Protection and Understanding Legal Guidance

  1. Home
  2.  » 
  3. Car Accidents
  4.  » The hazardous dangers of speeding

The hazardous dangers of speeding

On Behalf of | Jun 21, 2022 | Car Accidents

Accidents happen on Tennessee roads for many reasons, and some crashes appear unavoidable. And then there are those collisions caused by pure negligence. Drivers who deliberately choose to travel far above the speed limit dramatically increase the road’s dangers. As the saying goes, speeding can kill. More accurately, drivers who speed might injure or kill others.

Speeding undermines safe driving

Statistics paint a grim picture of how hazardous speeding is. In 2020, 29% of all fatal accidents involved speeding. In those accidents, 10,136 people lost their lives. Although a driver might think they can control a vehicle and maneuver road conditions without problems, chances are speeding undermines their ability to do so. The accidents statistics show the terrible consequences of what happens when a driver can’t keep a car under control.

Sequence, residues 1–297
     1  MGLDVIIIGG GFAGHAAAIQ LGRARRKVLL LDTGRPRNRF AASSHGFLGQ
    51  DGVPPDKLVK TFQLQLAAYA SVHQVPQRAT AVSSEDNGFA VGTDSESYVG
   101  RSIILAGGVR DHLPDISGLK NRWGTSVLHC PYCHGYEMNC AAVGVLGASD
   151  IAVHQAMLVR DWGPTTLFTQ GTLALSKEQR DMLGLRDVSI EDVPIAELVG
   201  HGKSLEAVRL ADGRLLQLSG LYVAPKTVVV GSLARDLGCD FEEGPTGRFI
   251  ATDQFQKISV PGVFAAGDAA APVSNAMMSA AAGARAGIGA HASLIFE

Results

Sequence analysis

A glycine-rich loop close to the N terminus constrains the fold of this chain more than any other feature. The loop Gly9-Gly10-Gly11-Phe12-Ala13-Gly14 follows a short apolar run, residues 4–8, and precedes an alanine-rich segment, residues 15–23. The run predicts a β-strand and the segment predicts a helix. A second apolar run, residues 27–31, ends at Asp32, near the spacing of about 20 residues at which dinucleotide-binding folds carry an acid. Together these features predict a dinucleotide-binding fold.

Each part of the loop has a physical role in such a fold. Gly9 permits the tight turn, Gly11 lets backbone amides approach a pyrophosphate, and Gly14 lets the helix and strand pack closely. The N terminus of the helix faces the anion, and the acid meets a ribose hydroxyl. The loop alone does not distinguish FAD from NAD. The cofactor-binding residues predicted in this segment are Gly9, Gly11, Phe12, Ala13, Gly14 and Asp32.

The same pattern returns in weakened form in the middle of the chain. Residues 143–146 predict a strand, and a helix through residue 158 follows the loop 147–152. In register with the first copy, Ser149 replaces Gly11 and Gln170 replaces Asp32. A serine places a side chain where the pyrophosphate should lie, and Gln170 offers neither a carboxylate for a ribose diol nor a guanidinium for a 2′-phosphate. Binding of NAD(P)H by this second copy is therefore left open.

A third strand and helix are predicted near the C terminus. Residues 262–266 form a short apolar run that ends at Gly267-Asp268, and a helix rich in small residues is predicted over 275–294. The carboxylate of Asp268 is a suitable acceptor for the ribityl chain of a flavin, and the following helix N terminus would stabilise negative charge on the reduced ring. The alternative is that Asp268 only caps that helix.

Driving too fast could affect reaction time. For example, if another car pulls out onto the highway, a speeding driver might be unable to avoid a collision. Speeding may lead to not seeing obstructions in the road or stalled cars. Speeding risks may increase when the weather’s inclement. Driving too fast on slick roads might be a recipe for collisions.

The consequences of speeding-related crashes

Speeding drivers may face negligence claims after their behavior could automatically make them negligent. Such may be the case with any car accidents caused by moving violations. Sometimes, one driver could embrace several negligent behaviors, such as speeding while under the influence of alcohol.

Persons responsible for another person’s injuries may find themselves legally liable for compensation. In wrongful death lawsuits, the negligent party might face an enormous financial judgment. Auto liability coverage could cover all the losses, but not in every situation. So, suing beyond policy limits may be worth exploring.

/*A11y fixes*/